India – Bangladesh Trade Relations
Both Bangladesh and India are two major countries of the SAARC and have a long commonhistorical past and similar cultural and social evolution. There is much that unites the twocountries – a shared history and common heritage, linguistic and cultural ties, passion for music,literature and the arts; with Bangladesh, India shares not only a common history of struggle for freedom and liberation but also enduring feelings of both fraternal as well as familial ties. Thiscommonality is reflected in multi-dimensional relations with Bangladesh at several levels of interaction. High-level exchanges, visits and meetings take place regularly alongside the wide-ranging people-to-people interaction. India’s Missions in Bangladesh issue about half a millionvisas every year and thousands of Bangladeshi students study in India on self-financing basis andover 100 annual GOI scholarships. These exchanges and interactions serve as an importantadjunct to the official-level interaction. India’s land border with Bangladesh – nearly 4,096 km – is the longest that India has with any of its neighbours.
Historical Development of India-Bangladesh Trade Relations
Bangladesh and India signed the “Treaty of Friendship, Cooperation and Peace” onMarch 19, 1972 in Dhaka for 25 years. Owing to this treaty, both countries signed thefirst one-year trade agreement on March 28, 1972.In the agreement, fish, raw jute,newsprint and naphtha were identified as the principle exports of Bangladesh to India.India’s major export items to Bangladesh, on the other hand, were cement, coal,machinery and unmanufactured tobacco. The trade between the nations was limited togovernment level. This agreement also provided border trade between Bangladesh and Neighboring Indian states; and within 16 kilometers of both countries’ border, free tradewas allowed for certain commodities.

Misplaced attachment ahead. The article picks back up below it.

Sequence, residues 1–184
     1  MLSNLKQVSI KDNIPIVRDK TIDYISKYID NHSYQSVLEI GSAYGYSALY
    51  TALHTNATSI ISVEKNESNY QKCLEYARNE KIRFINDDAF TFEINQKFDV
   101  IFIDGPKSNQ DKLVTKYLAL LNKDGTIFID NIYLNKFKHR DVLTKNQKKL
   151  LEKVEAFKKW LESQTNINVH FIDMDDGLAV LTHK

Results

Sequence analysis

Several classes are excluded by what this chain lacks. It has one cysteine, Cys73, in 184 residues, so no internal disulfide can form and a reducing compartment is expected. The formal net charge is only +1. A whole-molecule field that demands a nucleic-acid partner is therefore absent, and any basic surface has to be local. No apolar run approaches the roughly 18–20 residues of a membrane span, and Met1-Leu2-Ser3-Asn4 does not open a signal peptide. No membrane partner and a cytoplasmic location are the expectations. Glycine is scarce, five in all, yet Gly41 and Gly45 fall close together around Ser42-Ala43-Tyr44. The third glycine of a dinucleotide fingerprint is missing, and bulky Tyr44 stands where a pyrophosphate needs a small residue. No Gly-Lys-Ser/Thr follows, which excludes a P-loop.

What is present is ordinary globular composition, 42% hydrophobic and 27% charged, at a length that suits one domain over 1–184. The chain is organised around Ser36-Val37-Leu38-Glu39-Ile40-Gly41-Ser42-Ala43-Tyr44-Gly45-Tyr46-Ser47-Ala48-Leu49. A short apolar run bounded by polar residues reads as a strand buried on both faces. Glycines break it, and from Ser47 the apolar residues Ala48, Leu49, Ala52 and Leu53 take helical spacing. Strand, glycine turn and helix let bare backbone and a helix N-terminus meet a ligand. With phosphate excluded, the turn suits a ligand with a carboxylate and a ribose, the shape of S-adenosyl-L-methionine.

The expected level of trade was not achieved under the first trade agreement. Also free border trade between Bangladesh and India led to some illegal trade and hence wasabolished in October 1972 by mutual consent of the both governments. However, toattain the desired level of trade, the first trade agreement was further extended up toSeptember 27, 1973.
The first trade agreement of 1972 was replaced by another trade agreement for threeyears. This agreement was signed on 5 July 1973 and became effective from 28September 1973. Raw jute, fish, newsprint, etc were identified as major exportable itemsof Bangladesh to India. On the other hand, major exports of India to Bangladesh wereunmanufactured tobacco, cement, coal, raw cotton, cotton yarn, cotton textiles and books.This agreement provided for a system of Balanced Trade and payment Arrangement
Manoj Kumar Singh @ Fortune Institute of InternationalBusiness